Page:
Dr. Rajiv Shah serves as the 16th Administrator of USAID and leads the efforts of more than 9,600 professionals in 80 missions around the world.
Since being sworn in on Dec. 31, 2009, Shah managed the U.S. Government's response to the devastating 2010 earthquake in Port-au-Prince, Haiti; co-chaired the State Department's first review of American diplomacy and development operations; and now spearheads President Barack Obama's landmark Feed the Future food security initiative. He is also leading “USAID Forward,” an extensive set of reforms to USAID's business model focusing on seven key areas, including procurement, science & technology, and monitoring & evaluation.
Before becoming USAID's Administrator, Shah served as undersecretary for research, education and economics, and as chief scientist at the U.S. Department of Agriculture. At USDA, he launched the National Institute of Food and Agriculture, which significantly elevated the status and funding of agricultural research.
Prior to joining the Obama administration, Shah served for seven years with the Bill & Melinda Gates Foundation, including as director of agricultural development in the Global Development Program, and as director of strategic opportunities.
Originally from Detroit, Shah earned his medical degree from the University of Pennsylvania Medical School and his master's in health economics from the Wharton School of Business. He attended the London School of Economics and is a graduate of the University of Michigan.
Shah is married to Shivam Mallick Shah and is the father of three children. He lives in Washington, D.C.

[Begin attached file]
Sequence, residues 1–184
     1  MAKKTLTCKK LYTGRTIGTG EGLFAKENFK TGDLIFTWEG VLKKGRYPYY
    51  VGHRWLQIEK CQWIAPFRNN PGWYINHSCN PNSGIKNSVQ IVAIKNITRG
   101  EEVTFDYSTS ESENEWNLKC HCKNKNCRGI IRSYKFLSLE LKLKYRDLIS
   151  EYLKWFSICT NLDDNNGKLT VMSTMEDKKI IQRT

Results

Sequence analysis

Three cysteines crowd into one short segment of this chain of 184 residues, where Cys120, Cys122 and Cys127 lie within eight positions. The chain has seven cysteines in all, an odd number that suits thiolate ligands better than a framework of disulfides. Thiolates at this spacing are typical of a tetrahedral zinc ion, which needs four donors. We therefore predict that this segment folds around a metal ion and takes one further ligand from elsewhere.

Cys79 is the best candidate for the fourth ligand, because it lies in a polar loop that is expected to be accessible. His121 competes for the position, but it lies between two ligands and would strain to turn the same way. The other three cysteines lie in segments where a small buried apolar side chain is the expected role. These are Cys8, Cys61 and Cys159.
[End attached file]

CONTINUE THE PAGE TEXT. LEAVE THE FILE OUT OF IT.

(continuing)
UWC has partnered with USAID in a number of areas, particularly in developing and shaping higher education programs, by making USAID's development programs relevant and responsive to local needs.
I cannot tell you the number of times each week that I and other senior government officials in White House meetings refer to OTI efforts in critical crisis countries, from Haiti to Sri Lanka, from Burma to Yemen, from Kenya to Lebanon. In these situations, OTI is the eyes, the ears, the face and the conscience of our government and frequently the international community as a whole.
Equally important is the effect that the OTI model has had on the rest of the agency and the rest of the U.S. government’s foreign affairs community. If imitation is the sincerest form of flattery, OTI should feel flattered indeed. We are all seeking to replicate such techniques and practices as rapid deployment, decentralized programming and decision-making, expeditionary mindsets, data-driven strategies, in-situ learning, incorporation of best practices into on-going programs, adoption of sustainability principles from the beginning, and development of co-deployment platforms focusing on a broad multi-disciplinary surge capacity.
NINH BINH, Vietnam -- Ladies and Gentlemen, members of the National Assembly and staff: This collaboration between USAID, its project implementer partners and the Institute for Legislative Studies is one of the most exciting that we have in Vietnam. The bringing together of legislative leaders such as yourselves and experts to discuss this important subject is highly timely. Many of the reasons were elucidated so nicely by Dr. Thao.
HANOI-- I am here on behalf of U.S. Ambassador David Shear to celebrate the 15th Social Work Day. And I am pleased to be here to participate and see the experience, talent, and creativity in Vietnam's youth.
As many of you know, under President Obama’s Feed the Future Initiative, USAID is the single largest bilateral donor to Ethiopia’s agriculture development agenda with over $50 million of annual assistance to the sector. Development of the coffee value chain is an important part of our program and one of the key export commodities we support under Feed-The-Future.
SCIP is a public private partnership between USAID, the ELMA Foundation and J.P. Morgan, in conjunction with South African Department of Basic Education, seeking to empower teachers to improve primary grade reading.